An 80-year-old Japanese woman weighing 48 kg, with a body surface area of 1.394 m2, was admitted to our hospital for a suspected brain tumor. She had a history of gastric ulcer and heart failure (HF). On admission, she was receiving azosemide, spironolactone, bisoprolol, atorvastatin, and vonoprazan. After admission, she was diagnosed with non-small cell lung cancer and a metastatic brain tumor. Echocardiography showed diffuse hypokinesis and left ventricular enlargement with a reduced left ventricular ejection fraction of 21%. The patient’s clinical course is shown in Figure 1. Laboratory data on admission were as follows: sodium, 141 mEq/L; potassium, 3.9 mEq/L; chloride, 106 mEq/L; blood urea nitrogen, 27.4 mg/dL; creatinine, 0.92 mg/dL (Table 1). On day 7, prednisolone and levetiracetam were initiated to prevent cerebral edema and seizures, respectively. On day 14, low-dose TMP/SMX (80 mg/400 mg/day) was initiated for PCP prophylaxis, and radiation therapy was used to treat the patient’s brain metastases. On day 15, her serum potassium level was elevated to 5.4 mEq/L, but her creatinine level remained stable. Her dietary intake did not change and she did not receive any infusions. On day 21, she experienced a sudden cardiac arrest requiring immediate cardiopulmonary resuscitation. The initial electrocardiogram showed ventricular tachycardia; hence, she was defibrillated until the return of spontaneous circulation was achieved. Laboratory findings at the time of cardiac arrest were as follows: blood urea nitrogen, 100.2 mg/dL; creatinine, 1.78 mg/dL; potassium, 7.4 mEq/L; sodium, 123 mEq/L; pH, 7.28; PCO2, 26.7 mm Hg; HCO3, 12.2 mmol/L. Echocardiographic findings were unchanged, with no dilatation of the inferior vena cava, and no pulmonary congestion was observed on chest radiography. A 12-lead electrocardiogram performed after resuscitation was unchanged from that on admission, and echocardiography and medical history did not reveal any sign of ischemic heart disease. Hyperkalemia was suspected as the cause of cardiac arrest; therefore, 10 mL of 8.5% calcium gluconate, 40 mL of 8.4% sodium bicarbonate, 20 mL of 50% glucose solution, and 4 units of human insulin were administered slowly intravenously. The patient was immediately admitted to the intensive care unit and 90 min after the cardiac arrest, arterial blood gas analysis showed potassium 5.3 mEq/L, sodium 124 mEq/L, pH 7.43, PCO2 32.4 mm Hg, HCO3 21.2 mmol/L. Urinalysis revealed urinary sodium 95 mmol/L, potassium 32.8 mmol/L, and chloride 97 mmol/L. Proteinuria was absent, urinary creatinine was 10 mg/dL, fractional excretion of sodium 13.6%, fractional excretion of potassium 110.2%, transtubular potassium gradient 6.3. TMP/SMX and spironolactone were discontinued because of the hyperkalemia. On day 22, the patient’s serum potassium and sodium levels had improved to 5.3 mEq/L and 130 mEq/L, respectively, and she was discharged from the intensive care unit. On day 49, she was transferred to another hospital for palliative care.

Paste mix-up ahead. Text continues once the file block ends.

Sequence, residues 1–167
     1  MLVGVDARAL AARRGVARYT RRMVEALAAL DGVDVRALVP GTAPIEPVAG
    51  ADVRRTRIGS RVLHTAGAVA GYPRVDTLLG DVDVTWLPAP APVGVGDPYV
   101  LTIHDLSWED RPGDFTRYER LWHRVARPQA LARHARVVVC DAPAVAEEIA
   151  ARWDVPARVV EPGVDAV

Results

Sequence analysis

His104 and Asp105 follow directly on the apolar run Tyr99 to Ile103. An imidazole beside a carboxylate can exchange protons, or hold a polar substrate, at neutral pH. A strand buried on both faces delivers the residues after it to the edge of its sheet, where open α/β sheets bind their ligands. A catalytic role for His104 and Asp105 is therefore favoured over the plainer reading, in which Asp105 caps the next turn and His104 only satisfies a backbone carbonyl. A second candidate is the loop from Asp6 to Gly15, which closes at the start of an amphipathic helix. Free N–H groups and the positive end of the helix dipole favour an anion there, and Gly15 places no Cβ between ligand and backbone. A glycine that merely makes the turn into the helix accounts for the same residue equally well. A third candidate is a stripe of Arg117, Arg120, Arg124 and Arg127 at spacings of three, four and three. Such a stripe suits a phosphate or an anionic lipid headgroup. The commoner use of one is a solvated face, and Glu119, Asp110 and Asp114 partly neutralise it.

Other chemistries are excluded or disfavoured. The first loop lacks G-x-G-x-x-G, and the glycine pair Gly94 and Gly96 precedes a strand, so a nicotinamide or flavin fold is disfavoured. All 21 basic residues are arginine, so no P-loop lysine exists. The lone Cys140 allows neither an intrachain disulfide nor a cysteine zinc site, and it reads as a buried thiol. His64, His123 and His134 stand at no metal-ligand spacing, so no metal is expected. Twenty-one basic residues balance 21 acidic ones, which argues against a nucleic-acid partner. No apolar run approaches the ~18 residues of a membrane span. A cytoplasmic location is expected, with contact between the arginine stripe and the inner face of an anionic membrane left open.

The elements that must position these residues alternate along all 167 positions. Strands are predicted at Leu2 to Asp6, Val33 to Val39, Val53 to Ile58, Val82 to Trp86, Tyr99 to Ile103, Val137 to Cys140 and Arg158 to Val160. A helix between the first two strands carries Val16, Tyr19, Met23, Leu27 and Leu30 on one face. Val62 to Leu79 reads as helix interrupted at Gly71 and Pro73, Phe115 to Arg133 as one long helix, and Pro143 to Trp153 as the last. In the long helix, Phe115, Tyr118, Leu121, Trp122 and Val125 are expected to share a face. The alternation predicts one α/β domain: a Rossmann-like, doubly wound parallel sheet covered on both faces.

Fig. 1.